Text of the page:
In evaluating the degree of tenability or untenability of a statement the expression must be interpreted as to its exact meaning, to what state of affairs it refers. Quite often the assertion one derives from the expression will depend upon the interpreters own prior acquaintance with such states of affairs - or even the particular one in question. The interpreter's prior knowledge of relevant facts can sometimes be crucial in deciding how to interpret the expression or decide precisely to what it refers, nonetheless, only when a definite assertion is understood can its truth or falsity be considered. So in the final review, the judgement as to degree of tenability or otherwise is a separate decision that follows after the decision as to its correct interpretation,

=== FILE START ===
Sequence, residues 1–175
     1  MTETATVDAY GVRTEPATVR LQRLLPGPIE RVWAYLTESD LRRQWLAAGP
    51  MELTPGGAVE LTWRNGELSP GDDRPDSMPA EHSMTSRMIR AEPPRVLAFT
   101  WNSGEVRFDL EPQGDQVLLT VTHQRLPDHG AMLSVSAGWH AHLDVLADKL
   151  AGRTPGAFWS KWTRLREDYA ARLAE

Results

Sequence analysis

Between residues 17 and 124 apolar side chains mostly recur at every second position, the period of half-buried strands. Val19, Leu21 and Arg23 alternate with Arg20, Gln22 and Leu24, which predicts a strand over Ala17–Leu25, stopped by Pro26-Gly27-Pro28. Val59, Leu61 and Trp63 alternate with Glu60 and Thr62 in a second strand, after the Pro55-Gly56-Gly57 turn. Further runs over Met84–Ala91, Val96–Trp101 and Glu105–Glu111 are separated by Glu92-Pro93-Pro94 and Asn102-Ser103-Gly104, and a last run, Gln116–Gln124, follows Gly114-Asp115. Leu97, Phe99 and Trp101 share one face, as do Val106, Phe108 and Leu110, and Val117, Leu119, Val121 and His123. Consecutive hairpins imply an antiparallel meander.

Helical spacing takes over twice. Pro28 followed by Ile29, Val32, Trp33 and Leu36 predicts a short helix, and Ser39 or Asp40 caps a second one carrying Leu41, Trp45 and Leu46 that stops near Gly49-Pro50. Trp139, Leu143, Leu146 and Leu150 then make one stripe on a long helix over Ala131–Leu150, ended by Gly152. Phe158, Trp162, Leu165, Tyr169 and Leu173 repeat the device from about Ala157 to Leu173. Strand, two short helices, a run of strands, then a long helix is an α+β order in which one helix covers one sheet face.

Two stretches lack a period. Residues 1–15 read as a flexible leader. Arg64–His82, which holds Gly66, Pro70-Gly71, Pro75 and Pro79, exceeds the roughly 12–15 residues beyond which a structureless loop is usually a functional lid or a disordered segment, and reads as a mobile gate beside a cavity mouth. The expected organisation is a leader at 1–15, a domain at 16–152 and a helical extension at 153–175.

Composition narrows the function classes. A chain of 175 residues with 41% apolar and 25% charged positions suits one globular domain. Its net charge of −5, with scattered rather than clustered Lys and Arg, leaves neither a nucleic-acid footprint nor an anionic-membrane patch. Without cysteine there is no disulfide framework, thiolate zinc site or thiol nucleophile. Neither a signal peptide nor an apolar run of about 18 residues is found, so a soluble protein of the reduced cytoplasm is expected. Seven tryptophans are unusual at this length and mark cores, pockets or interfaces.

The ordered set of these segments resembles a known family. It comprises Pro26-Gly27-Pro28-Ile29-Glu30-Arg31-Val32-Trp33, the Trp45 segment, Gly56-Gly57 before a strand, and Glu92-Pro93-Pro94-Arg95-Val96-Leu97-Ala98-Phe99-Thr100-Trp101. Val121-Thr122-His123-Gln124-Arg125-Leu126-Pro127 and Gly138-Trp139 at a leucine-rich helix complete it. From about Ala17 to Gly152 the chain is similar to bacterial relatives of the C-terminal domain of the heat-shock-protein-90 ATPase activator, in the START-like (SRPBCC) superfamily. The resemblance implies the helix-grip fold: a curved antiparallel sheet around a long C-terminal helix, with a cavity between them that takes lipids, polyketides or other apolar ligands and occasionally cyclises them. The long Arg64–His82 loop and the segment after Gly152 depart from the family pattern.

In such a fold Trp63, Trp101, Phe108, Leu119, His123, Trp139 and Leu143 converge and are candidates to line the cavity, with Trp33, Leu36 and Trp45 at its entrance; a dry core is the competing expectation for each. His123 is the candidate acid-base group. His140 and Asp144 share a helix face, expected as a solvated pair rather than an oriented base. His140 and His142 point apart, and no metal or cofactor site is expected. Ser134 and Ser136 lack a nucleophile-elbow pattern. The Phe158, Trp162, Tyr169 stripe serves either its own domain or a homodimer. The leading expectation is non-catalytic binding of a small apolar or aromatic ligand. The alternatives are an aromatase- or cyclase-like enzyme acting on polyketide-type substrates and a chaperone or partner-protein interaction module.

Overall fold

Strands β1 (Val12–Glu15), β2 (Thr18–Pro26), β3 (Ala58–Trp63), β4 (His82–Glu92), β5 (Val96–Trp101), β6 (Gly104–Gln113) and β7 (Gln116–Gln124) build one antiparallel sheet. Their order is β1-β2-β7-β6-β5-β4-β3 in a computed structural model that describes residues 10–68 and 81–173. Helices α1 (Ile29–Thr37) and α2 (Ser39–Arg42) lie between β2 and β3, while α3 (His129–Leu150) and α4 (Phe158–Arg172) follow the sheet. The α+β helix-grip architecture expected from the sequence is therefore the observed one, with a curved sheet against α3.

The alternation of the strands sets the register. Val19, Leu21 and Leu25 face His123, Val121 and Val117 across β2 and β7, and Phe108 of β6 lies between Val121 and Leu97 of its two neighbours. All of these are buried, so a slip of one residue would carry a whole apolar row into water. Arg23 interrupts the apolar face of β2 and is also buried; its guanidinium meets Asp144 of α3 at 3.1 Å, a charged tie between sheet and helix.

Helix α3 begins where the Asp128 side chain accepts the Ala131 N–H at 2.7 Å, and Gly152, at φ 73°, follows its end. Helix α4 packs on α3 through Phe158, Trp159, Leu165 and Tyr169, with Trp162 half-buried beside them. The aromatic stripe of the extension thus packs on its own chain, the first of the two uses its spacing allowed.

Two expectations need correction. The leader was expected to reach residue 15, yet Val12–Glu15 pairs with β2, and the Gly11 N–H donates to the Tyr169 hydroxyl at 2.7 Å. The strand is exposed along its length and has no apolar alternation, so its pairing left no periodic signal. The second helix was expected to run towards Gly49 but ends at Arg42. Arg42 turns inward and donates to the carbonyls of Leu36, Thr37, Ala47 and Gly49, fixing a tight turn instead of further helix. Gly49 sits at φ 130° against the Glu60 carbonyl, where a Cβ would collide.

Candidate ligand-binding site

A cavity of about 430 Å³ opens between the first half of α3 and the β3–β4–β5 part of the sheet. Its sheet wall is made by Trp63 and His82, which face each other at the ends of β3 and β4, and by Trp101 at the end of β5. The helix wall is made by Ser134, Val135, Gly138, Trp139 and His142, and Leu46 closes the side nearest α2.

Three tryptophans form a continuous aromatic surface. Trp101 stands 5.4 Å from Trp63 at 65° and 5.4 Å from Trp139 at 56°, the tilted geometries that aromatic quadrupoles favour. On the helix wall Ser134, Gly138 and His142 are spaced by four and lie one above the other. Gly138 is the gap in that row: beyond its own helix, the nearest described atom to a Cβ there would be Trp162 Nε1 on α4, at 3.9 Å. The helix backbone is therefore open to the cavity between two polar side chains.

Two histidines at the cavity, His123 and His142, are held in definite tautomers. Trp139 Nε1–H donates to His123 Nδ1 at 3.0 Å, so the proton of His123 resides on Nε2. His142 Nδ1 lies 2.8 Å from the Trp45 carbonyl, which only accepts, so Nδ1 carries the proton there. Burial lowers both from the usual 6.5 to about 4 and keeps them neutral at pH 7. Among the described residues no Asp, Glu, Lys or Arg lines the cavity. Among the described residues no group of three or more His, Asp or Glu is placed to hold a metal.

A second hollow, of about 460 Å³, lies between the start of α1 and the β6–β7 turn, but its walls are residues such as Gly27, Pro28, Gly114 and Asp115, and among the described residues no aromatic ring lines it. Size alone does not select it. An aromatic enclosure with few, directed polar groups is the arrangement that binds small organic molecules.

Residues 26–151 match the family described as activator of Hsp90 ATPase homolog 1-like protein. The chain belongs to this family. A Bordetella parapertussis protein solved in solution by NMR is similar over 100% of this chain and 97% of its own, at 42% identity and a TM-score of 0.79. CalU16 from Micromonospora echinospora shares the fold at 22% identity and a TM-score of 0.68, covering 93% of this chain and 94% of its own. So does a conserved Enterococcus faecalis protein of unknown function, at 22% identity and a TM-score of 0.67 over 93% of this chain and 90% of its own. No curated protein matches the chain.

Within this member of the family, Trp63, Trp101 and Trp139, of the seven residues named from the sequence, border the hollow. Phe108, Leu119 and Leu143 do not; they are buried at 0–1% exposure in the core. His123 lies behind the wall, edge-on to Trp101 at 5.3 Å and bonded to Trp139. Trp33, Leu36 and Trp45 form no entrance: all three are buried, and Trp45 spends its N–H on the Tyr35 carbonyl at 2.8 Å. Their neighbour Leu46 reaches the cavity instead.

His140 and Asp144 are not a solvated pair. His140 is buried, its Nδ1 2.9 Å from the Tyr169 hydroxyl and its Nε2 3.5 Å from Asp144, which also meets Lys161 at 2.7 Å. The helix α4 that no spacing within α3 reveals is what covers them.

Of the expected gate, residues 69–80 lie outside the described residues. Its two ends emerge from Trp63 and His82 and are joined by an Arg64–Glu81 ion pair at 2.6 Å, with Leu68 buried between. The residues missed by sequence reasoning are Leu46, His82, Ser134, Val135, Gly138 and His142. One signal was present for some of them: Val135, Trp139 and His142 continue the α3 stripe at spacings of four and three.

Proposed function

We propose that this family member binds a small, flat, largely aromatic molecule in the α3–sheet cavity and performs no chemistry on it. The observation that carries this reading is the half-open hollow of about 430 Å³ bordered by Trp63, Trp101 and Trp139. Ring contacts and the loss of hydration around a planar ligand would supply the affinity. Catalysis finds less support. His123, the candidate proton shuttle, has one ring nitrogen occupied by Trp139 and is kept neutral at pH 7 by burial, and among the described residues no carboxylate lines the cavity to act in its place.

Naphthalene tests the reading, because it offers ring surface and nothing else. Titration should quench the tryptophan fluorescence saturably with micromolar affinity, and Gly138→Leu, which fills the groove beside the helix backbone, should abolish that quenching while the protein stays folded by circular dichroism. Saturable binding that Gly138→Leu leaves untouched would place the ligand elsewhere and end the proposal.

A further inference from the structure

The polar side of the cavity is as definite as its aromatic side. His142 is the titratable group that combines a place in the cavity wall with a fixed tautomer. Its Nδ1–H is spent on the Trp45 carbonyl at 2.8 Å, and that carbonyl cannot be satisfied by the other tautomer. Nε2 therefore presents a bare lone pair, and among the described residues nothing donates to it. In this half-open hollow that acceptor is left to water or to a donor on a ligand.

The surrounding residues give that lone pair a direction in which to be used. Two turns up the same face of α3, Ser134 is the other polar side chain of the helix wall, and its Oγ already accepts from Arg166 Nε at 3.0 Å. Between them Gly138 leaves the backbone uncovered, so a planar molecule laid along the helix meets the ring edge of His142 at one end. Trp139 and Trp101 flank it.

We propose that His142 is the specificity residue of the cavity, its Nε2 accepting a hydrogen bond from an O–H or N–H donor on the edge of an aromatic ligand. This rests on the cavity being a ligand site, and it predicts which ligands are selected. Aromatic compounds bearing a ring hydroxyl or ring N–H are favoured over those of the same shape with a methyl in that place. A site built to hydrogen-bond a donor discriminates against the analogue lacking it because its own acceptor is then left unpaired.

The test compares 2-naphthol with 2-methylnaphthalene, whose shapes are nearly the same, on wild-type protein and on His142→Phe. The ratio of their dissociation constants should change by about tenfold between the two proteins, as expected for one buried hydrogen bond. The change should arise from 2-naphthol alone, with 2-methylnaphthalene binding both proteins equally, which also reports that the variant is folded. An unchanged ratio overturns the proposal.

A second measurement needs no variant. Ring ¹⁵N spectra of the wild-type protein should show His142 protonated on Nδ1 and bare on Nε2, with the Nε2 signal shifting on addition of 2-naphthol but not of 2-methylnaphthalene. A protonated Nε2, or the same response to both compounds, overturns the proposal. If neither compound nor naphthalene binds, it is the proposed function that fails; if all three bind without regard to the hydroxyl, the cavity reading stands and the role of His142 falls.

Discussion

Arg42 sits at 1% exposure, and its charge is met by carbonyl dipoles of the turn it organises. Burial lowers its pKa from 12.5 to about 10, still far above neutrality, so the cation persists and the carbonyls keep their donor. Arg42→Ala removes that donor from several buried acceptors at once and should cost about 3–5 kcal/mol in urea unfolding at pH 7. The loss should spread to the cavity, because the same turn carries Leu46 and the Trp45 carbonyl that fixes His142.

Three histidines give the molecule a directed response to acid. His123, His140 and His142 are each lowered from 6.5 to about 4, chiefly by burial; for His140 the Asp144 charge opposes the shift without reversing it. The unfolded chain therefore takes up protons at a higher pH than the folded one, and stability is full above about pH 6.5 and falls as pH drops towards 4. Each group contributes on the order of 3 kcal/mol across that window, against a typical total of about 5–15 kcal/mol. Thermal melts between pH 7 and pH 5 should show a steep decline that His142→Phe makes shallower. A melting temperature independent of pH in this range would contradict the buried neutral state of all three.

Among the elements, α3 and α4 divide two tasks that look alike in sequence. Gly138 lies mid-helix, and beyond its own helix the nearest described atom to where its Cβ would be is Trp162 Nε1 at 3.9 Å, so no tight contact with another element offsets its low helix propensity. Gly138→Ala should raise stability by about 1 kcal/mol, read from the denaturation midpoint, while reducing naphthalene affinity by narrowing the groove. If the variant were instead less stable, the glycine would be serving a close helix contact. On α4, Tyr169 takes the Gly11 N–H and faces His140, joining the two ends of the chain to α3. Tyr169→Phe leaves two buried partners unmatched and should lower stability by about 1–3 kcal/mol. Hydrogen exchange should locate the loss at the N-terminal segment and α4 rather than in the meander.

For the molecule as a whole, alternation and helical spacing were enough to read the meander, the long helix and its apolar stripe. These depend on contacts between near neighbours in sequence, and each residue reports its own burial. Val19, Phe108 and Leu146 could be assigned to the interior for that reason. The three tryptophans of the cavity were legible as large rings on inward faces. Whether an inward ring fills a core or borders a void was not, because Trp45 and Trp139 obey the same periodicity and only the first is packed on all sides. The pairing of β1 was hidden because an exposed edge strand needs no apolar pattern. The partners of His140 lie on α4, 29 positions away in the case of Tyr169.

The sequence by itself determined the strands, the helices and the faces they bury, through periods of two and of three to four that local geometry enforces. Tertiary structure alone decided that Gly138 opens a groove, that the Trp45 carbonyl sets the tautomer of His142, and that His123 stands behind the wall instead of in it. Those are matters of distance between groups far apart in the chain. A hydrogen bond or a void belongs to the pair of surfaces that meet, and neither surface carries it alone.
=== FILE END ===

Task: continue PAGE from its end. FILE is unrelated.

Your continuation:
The evidence necessary to establish untenability will depend entirely upon other sources than the statement in question. These may include personal observation) investigation of secondary evidence such as other witnesses' reports, texts, and recordings of all types and even experiment. No lists of the ways of collecting control evidence can be made, so ingeniously varied are the methods of investigation used in all the areas of human enterprise. Yet since we are dealing with reports by first-hand observers, there will in all cases be some actual state(s) of affairs upon which the truth or falsity of the report depends, even where the report is entirely faked. In such cases the falsity of a report is demonstrated by reference to other states of affairs that did occur.